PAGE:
P2150044EW wasn’t pleased with me. I had struggled with this room – though it turned out to be the easiest of all of them – and had no intention of re-doing it at that time. Plus, I didn’t have enough fabric. I did try numerous fixes. EW absolutely refused to have a special piece of teak trim cut. Go figure. I found out that various white vinyl from Home Depot looked just like white vinyl fencing taped to the ceiling. EW was even less thrilled. Now I had staples, ugly trim, and tape marks showing.  I completed installing the headliner for the rest of the boat, using the ugly trim as it was meant to be used, and I moved on.

You don’t really notice it much in the photo at right, do you? Much?

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Now you do. This is the guests eye view of the mistake.

EW was still not thrilled. The only time you even saw the ugly trim was if you were lying on your back on the bed. In the guest cabin. So, who saw the ugly trim? Guests. Still, I didn’t rush out and  purchase new headliner. The Year From Hell had traumatized me and I needed time to adjust – five years or so should do it. Before I could fix it, we went cruising. The boat sailed just fine with the ugly trim showing. We went to a fabric store in Fajardo in December 2012, but they didn’t have any headliner. Oh darn. This October, EW accompanied me to a fabric store in Trinidad and we bought headliner. Oh darn – for real this time.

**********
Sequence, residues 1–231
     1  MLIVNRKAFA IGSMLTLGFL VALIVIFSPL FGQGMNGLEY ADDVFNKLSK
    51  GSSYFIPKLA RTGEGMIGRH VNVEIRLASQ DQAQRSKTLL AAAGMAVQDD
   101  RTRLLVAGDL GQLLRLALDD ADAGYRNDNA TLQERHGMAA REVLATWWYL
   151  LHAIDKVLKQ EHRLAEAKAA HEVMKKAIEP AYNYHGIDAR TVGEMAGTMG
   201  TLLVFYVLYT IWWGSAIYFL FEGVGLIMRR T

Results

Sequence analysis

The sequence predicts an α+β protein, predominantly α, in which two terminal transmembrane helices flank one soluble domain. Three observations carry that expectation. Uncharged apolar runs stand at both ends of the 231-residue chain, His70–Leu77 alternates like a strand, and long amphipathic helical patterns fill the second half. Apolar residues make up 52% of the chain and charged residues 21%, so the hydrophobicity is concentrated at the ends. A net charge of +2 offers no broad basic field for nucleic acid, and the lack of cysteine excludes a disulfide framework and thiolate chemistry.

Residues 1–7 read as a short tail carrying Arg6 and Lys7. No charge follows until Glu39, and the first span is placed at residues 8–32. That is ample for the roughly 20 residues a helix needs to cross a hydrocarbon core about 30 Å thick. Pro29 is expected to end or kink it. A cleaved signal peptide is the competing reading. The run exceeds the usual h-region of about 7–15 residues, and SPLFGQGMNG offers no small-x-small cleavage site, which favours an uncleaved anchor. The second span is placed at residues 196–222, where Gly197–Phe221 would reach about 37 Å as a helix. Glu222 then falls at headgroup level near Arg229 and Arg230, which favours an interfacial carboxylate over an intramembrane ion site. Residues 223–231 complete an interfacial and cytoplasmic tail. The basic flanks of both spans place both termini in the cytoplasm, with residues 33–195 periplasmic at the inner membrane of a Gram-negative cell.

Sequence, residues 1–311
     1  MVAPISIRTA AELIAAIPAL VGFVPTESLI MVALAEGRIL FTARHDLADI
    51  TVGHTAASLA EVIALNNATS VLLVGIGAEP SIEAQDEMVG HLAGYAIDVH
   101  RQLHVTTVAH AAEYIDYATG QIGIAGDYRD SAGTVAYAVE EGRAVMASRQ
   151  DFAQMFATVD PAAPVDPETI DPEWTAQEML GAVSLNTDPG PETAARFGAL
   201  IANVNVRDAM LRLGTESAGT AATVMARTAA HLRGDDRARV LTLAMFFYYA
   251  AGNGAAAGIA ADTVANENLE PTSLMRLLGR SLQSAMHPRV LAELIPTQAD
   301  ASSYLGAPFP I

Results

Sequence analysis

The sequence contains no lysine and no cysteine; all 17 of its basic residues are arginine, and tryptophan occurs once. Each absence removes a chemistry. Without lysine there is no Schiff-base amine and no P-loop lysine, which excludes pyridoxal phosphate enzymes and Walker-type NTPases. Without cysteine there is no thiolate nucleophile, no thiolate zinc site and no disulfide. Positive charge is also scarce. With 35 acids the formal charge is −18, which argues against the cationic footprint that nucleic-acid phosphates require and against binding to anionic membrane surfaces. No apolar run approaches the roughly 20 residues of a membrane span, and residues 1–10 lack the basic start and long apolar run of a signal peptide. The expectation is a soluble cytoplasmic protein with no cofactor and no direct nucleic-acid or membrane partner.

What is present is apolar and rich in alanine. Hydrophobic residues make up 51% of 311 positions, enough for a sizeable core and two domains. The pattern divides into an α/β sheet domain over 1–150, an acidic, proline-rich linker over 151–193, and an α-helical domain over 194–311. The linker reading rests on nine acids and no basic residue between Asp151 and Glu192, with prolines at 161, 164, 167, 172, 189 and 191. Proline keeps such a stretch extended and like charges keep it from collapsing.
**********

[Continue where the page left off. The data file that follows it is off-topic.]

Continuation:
This week, we are delighted to host friends from New York for a few days. Jimmy and EW went to grammar school together have remained friends. We are super excited that he and Marcia are going to join us for fun in St. Thomas. EW pretty much insisted that the forward cabin be fixed for their visit. We didn’t fix it for Favorite, last year in St. Thomas. We didn’t fix it for the Klein’s visit this past summer in Grenada. You can bet that one of us mentioned it both times. In case you’re wondering, I was not the person who brought it up. You probably knew that.

P2160058I couldn’t fix the forward cabin until EW completed the weeks long repair of the aft shower. He agreed with that. We can’t have two major projects going at the same time and actually live here. So, last weekend became Forward Cabin Weekend. It wasn’t awful. Here’s what I accomplished:

  1. Clean out our library. This actually occurred a few days prior to the weekend. We sent five bags of books to the book swap and sent a good-sized box to Mo for safekeeping. 
  2. Empty out the forward cabin.
  3. Remove all the pretty trim and the hatch trim.
  4. Remove the old headliner.
  5. Remove one length of ugly trim.
  6. Hang the headliner.
  7. Paint the forward cabin. We had painted parts of the forward cabin, aft stateroom and main salon during The Year From Hell. It was a good idea and I plan to refresh it all with a coat of paint – someday soon. It was easy to do this cabin now while it was torn apart.
  8. Hang the pretty trim and the hatch trim.
  9. Put everything back.

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The whole thing – 2 thru10 – only took a day and a half. What had I been dreading? It looks great, all ready for Jimmy and Marcia. My apologies to Stu and Cathy, Favorite, Amy, Lynnelle, Jon, Ed and Lynn, Jimmy, Howie and the rest of you for any indignity you may have suffered due to your view of the ugly trim and staples. Can you forgive me? EW has.